Proper way to use the Struct

We use Structs in Ruby to create simple classes with constructor and some instance variables.

Look at this simple User class:

class User
attr_accessor :first_name, :last_name, :age

def initialize(first_name, last_name, age)
@first_name = first_name
@last_name = last_name
@age = age
end
end

Using Struct, you can simply use a single line instead of declaring attr_accessors and constructor and the class will have exactly the same API:

User = Struct.new(:first_name, :last_name, :age)

But when it comes to a class with internal resources like constants, you may get a warning:

User = Struct.new(:first_name, :last_name, :age) do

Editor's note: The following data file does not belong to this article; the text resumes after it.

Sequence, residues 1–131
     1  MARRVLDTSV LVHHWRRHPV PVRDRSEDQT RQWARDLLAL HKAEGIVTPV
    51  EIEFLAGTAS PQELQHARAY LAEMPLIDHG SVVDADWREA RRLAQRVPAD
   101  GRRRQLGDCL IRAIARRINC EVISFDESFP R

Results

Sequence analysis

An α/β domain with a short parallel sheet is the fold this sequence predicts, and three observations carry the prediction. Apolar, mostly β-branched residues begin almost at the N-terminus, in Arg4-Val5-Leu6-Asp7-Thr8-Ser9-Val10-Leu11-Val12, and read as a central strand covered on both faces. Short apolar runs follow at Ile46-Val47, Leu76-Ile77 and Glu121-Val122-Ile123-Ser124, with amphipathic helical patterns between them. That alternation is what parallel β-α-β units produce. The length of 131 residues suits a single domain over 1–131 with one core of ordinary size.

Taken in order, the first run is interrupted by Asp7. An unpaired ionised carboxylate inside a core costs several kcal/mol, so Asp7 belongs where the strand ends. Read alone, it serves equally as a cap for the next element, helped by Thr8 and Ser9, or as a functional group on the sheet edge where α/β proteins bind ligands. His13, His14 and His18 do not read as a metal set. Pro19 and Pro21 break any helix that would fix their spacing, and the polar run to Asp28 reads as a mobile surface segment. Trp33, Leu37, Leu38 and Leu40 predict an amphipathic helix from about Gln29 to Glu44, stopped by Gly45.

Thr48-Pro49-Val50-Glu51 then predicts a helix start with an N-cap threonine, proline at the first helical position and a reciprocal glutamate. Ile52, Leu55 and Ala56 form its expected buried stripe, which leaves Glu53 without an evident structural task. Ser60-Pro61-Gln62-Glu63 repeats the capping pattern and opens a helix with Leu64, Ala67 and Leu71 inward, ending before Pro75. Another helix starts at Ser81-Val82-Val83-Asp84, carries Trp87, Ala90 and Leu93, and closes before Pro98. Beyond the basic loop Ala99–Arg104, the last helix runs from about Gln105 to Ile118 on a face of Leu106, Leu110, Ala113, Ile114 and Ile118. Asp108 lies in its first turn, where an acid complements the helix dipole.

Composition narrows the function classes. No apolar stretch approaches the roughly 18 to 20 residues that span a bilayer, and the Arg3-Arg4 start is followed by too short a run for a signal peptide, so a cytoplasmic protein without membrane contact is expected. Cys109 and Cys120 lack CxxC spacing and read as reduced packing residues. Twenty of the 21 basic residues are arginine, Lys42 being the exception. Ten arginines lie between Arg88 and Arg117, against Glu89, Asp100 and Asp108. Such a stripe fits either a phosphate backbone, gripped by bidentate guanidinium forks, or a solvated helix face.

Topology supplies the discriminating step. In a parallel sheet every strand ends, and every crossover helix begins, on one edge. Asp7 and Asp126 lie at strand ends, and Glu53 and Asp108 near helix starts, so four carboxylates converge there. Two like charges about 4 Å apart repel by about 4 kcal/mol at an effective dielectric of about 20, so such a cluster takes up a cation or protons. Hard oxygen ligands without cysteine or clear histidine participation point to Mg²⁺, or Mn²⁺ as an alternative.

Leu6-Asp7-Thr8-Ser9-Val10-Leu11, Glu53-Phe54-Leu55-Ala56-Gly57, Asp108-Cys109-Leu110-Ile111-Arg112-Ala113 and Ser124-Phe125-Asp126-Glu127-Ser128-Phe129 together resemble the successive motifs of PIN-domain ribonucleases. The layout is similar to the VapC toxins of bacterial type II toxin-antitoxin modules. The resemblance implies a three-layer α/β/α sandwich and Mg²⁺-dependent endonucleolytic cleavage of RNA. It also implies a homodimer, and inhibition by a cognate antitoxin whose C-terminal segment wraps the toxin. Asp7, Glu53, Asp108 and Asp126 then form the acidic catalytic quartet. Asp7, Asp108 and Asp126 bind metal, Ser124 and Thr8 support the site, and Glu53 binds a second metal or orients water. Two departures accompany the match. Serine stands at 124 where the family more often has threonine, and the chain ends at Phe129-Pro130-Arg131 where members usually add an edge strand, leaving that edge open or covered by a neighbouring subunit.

MIN_AGE = 18

# some methods dealing with user
end

Admin = Struct.new(:first_name, :last_name, :age) do
MIN_AGE = 21
end

# => warning: already initialized constant MIN_AGE
# => warning: previous definition of MIN_AGE was here

What happends here? We assumed that MIN_AGE was declared inside User and Admin, but actually it was declared on the top level:

> Object::MIN_AGE
=> 18

And warnings were printed.

But wait, there is actually a proper way to subclass from Struct:

class User < Struct.new(:first_name, :last_name, :age)
LIMIT = 1
end

class Admin < Struct.new(:first_name, :last_name, :age)
MIN_AGE = 21
end

No warnings here!

I also recommend you to check it the post by Steve Klabnik, where he describes all power of Struct.

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